SPANX-B and Fibronectin expression show limited overlap in differentiating Caco-2 cells. Immunofluorescent staining of differentiating Caco-2 cells with DAPI counterstaining reveals a gradual increase in nuclear SPANX-B (Alexa Fluor 488: green) with a concomitant decrease in cytoplasmic fibronectin expression (Alexa Fluor 568: red); (20× magnification) (A). Less than 10% of cells expressing SPANX-B stained for fibronectin at day 0 (B).

https://doi.org/10.1371/journal.pone.0107905.s004

(DOCX)

Figure S5.

PAGE2, -2B and Vimentin expression are mutually exclusive in differentiating Caco-2 cells. Immunofluorescent staining of differentiating Caco-2 cells with DAPI counterstaining reveals a gradual increase in nuclear PAGE2, -2B (Alexa Fluor 488: green) with a concomitant decrease in cytoplasmic vimentin expression (Alexa Fluor 568: red); (20× magnification) (A). Less than 10% of cells showed double fluorescence when staining was analyzed quantitatively at day 0. At later time points, none of the cells showed double staining (B).

https://doi.org/10.1371/journal.pone.0107905.s005

(DOCX)

Figure S6.

PAGE2, -2B and fibronectin expression are mutually exclusive in differentiating Caco-2 cells. Immunofluorescent staining of differentiating Caco-2 cells with DAPI counterstaining reveals a gradual increase in nuclear PAGE2, -2B (Alexa Fluor 488: green) with a concomitant decrease in cytoplasmic fibronectin expression (Alexa Fluor 568: red); (20× magnification) (A). Less than 15% of cells showed double fluorescence when staining was analyzed quantitatively at day 0 (B).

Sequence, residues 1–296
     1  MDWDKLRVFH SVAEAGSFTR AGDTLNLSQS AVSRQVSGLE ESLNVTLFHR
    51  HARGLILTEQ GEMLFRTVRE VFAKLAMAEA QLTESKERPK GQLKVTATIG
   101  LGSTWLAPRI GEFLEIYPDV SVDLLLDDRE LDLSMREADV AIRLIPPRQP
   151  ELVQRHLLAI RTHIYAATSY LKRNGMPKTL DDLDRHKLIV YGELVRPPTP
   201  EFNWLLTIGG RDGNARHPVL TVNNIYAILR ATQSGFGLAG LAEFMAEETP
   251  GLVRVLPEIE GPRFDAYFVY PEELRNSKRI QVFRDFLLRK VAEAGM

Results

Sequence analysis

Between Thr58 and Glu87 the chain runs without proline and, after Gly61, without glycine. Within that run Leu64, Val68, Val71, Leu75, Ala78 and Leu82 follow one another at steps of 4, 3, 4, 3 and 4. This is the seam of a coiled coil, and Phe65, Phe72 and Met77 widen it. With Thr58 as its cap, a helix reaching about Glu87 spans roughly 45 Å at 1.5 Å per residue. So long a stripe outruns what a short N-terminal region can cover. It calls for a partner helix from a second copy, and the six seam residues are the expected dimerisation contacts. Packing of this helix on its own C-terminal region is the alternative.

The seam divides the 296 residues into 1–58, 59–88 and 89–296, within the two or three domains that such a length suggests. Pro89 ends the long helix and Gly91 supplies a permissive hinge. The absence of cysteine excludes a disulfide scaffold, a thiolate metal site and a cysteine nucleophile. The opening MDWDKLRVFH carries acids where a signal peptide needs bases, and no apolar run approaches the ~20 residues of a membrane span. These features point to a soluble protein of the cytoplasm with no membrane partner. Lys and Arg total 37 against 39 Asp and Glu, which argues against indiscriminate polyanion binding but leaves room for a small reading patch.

https://doi.org/10.1371/journal.pone.0107905.s006

(DOCX)

Figure S7.

Nuclear co-localization of CDX2 and PAGE2, -2B in differentiating Caco-2 cells. Immunofluorescent staining of differentiating Caco-2 cells with DAPI counterstaining reveals overlapping PAGE2. -2B (Alexa Fluor 488: green) and CDX2 (Alexa Fluor 568: red) expression; (20× magnification) (A). More than 80% of the cells show double-labeling when analyzed quantitatively (B).

https://doi.org/10.1371/journal.pone.0107905.s007

(DOCX)

Figure S8.

Induction of PAGE2,-2B and SPANX-B gene expression by 5-aza-2′-deoxycytidine in HCT116 (top) and SK-LC-17 cell lines (bottom). Relative mRNA expression values at indicated time points compared to day 0, as determined by quantitative RT-PCR are shown.

https://doi.org/10.1371/journal.pone.0107905.s008

(DOCX)

Table S3.

Antibodies used for IF staining and western blot analysis.

https://doi.org/10.1371/journal.pone.0107905.s011

(DOCX)

Acknowledgments

We thank Drs. Stefan Fuss and Isik Yulug for critical reviews and helpful suggestions.

Author Contributions

Conceived and designed the experiments: SYO AS BK YK KMS SB AOG. Performed the experiments: SYO AS BK YK KMS. Analyzed the data: SYO AS BK YK KMS SB AOG. Contributed reagents/materials/analysis tools: SB AOG. Contributed to the writing of the manuscript: SYO AS BK YK KMS SB AOG.